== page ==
Re-imagining jewels as anything you want 'em to be. Far from worrying about some additional things to add to jewels so this is more diverse, just realize that this running around to get 'em is what humans actually do all the time anyway -- for all kinds of thins.

Even for real jewels, now and then. ;-)



08-14-2005, 05:10 AM

Brilliant! I couldnt agree with you more! I was in the midst of contemplating a way to get away from "Jewels" myself.. I really like your ideas about local natural resources... brings things right back to reality.

Hell, I would even like to see natural disasters incorporated.. imagine waking up one morning only to have GEHwar tell you that there are bushfires in your city, and 5 of your armies have perished... so on, so on..

Also, and this is a big also, I would like to see it venture closer to Risk as far as alliances & etc go, but I guess that wont really be usefull for a while, not untill we can run most of the game out of GE and get private messaging or chat or something going. The game is no fun if you all work alone & attack without strategies... make teams, form allies.. and when they are relying on you the most INVADE THEM! *cackle*

T. :D

08-14-2005, 05:16 AM
Trading is 1 of the greatest ideas. This leads automatically to the concept of alliances appeareing between players.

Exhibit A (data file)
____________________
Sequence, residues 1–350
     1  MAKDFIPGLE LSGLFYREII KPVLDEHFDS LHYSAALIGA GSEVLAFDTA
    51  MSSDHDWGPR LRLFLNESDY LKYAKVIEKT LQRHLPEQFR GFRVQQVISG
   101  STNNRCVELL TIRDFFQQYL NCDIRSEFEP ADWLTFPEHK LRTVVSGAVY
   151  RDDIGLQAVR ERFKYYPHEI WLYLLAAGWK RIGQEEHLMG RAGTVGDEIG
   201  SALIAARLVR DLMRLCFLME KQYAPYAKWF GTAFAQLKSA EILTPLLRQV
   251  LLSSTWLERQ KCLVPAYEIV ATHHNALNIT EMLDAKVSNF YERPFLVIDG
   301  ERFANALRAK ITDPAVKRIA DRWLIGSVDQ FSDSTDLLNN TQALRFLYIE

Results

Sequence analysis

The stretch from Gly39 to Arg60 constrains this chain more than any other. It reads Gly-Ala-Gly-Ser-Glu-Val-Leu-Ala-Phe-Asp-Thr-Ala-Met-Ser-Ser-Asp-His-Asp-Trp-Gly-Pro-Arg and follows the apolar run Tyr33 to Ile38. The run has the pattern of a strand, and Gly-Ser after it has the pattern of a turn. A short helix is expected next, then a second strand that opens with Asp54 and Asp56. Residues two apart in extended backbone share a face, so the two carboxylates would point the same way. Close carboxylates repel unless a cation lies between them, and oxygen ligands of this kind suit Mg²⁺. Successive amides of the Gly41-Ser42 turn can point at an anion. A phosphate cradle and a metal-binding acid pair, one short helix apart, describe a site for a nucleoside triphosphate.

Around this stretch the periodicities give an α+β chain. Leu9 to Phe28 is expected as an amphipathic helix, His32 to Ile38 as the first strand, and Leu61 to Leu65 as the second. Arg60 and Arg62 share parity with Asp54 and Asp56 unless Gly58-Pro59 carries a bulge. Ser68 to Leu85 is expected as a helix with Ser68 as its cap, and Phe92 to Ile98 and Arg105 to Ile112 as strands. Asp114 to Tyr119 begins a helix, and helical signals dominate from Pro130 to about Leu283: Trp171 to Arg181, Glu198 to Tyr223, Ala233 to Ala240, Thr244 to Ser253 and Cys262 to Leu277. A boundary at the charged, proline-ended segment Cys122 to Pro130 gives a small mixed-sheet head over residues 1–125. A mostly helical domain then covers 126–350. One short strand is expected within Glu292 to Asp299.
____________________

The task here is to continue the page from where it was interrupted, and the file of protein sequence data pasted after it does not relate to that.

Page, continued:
How can alliances be realized?

Maybe in culminating the strength of several cities ti gain more/faster some of these natural resources rasqual was talkin about.

But also its possible to think of a Weapon system that only works when several players work together proberly.

Do u know that german site ´www.brettspielwelt.de´ ??

They implented a city-system where the citicens have to raise Money to run the cities. They also realised a complex ranking system with many rank-based commandos and e.g. elections of Mayors.....

My opinion is that ur first ideas very fast turn into a kind of political game/community....

Get inspired............

08-14-2005, 01:30 PM
I like the thoughts about oil wells and such!

I think we still need a common currency in the world, to make purchasing items in the store easier. Maybe way to convert your "new" resources into "jewels" (or whatever the common currency is). This way, we don't have to come up with 10 different prices for each thing (5 jewels OR 8 barrels of oil OR 27 lbs. of coffee, etc). They can just trade in their new resources for real money, then spend it.